I can accept and understand “heated”. But I will try to counter it from time to time.

    If a nuclear weapon was exploded somewhere I could follow, to a degree, a discussion by say Los Alamos as to where the nuclear material originated. I was educated and trained in matters nuclear. But computer science, I have no idea how it “works”. I just know the science is very difficult to follow and state of the art science does not have nearly the exactitude as read in spy novels. My guess is human intelligence is involved with the “hacking” thing and we all know the pitfalls of that. Look at how “sources close to the government (“theirs” or “ours”) handled WMD in Iraq.

    Check out Rachel Marsden’s column in today’s Globe. She quotes a “former British Ambassador” indicating the whole Wikileaks issue was the result of a LEAK, not outside hacking. He even claims to have met the leaker and is positive he “was not Russian”!!! But really, so what. The information “got out”.

    And you are absolutely correct that what was written in those emails was business as usual in big time politics. I am certain the same kind of “discussions” were held in GOP circles as well. But who really howled the loudest over Dem “dirty politics”. Try Bernie!!! Trump supporters would never vote for Hillary. But Bernie supporters, well when dirty politics was revealed to them……? Bet Hillary may have lost a few “tons of voters” from “them”.

    The reality in today’s world is “hackers will hack”. Do you really think the state of the art of computer science can nail each one when he gets on his keyboard? Not yet, for sure. Think we can “forensically track” his trial left behind with certainty. Not yet, for sure. As indicated by Marsden we can’t even determine, maybe, whether it was a “hack” or a “leak”, like the copies of Trumps tax return pages. Why is the country not in an outrage over that hat trick against Trump? In one case “we have a right to know”, but in the other, well you and yours get “heated”?

    Far be it from me to try to defend Trump’s every move (or tweet). I also know that many in this country would love nothing better to pull some strings and uncover another Watergate against Trump, a third rate burglary turning into a Constitutional crisis. I know you will try hard to find such matters for the next four or eight years. I hope you see that your writings about Trump sound very similar to a local Globe columnist’s rants against Obama for now 8 long years, as well.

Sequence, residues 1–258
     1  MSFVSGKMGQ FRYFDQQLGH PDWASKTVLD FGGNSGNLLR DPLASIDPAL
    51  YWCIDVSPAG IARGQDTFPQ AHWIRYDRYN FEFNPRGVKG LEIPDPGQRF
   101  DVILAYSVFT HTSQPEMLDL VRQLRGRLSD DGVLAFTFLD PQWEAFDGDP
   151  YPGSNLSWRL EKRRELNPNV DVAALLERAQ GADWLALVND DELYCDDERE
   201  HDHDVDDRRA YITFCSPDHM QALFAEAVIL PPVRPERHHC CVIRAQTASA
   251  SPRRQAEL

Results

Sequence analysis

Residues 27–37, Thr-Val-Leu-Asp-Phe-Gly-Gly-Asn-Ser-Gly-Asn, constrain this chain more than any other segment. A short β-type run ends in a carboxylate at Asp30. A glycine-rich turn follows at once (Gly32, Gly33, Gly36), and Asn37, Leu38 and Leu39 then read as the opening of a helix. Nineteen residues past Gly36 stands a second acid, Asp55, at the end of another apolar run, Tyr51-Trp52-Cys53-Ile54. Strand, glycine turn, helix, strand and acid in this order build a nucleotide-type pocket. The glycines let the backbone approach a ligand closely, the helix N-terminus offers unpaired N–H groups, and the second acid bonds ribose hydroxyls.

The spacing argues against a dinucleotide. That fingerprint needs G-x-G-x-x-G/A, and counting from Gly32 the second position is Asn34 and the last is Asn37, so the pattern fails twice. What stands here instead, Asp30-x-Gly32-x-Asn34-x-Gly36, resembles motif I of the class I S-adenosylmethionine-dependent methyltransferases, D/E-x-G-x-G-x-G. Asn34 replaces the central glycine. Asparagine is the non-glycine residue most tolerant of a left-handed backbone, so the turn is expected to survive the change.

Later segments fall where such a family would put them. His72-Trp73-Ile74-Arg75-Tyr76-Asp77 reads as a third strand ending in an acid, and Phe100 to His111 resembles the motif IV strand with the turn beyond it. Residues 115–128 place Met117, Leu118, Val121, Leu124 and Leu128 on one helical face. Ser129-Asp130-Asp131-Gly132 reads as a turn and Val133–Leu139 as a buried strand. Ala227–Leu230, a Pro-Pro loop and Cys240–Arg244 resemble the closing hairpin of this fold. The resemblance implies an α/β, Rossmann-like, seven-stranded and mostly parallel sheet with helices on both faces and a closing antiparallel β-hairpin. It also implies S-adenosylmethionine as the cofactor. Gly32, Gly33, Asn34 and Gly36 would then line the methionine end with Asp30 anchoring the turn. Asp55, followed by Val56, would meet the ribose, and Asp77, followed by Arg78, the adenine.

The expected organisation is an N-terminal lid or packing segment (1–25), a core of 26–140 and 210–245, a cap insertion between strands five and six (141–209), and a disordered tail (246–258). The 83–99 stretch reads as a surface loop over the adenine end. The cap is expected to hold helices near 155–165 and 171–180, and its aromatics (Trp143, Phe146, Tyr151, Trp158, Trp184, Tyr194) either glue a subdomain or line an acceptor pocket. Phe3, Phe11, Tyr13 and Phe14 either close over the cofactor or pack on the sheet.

As mentioned before, I remain very uncertain why Russia wants Trump as President, other than the simple view that Trump seems to want to “work with Russia”. Does that sound very similar to the hopes of a “reset” coming out of the Obama administration a few years ago? Will Trump pull it off? I have no idea but …….. I have to wait and see for now.

    My bottom line, Duane, is I want to see conservative government work today. For that reason alone I am taking a wait and see position politically. You are determined to show why it will not work, period. I can accept that on your part, but will continue to try to counter you antagonism against Trump and all other matters conservative.



    • Anson,

      I note that, after making a big deal out of all the supposedly bad stuff in the hacked emails, that you couldn’t give me one example of how the distorted coverage of them by the press was merited. There simply wasn’t anything there, beyond the normal banter between strategists and partisans.

      Secondly, comparing me to an asshole like Geoff Caldwell is ridiculous (as well as personally insulting). Suggesting such a false equivalency ignores all of our history. Besides being a third-rate troll for years, if you remember correctly, Geoff came out of the gate in late 2008 pretending to give Obama a chance. That was bullshit of course, but it is much different than what I am doing now for the simple reason that Trump is much different from Obama. I will repeat this once again: I am not taking my present position against Trump because of his ideology, which is what motivated dickheads like Caldwell to mercilessly attack Obama. I will, of course, object to Trump’s cabinet picks and agenda, but that’s not the biggest worry about him. He is a thoroughly corrupt person, Anson. Thoroughly. I have read a lot about his personal history. It’s all out there from liberal sources and from conservative ones (try that entire issue of National Review dedicated to thwarting Trump, for instance).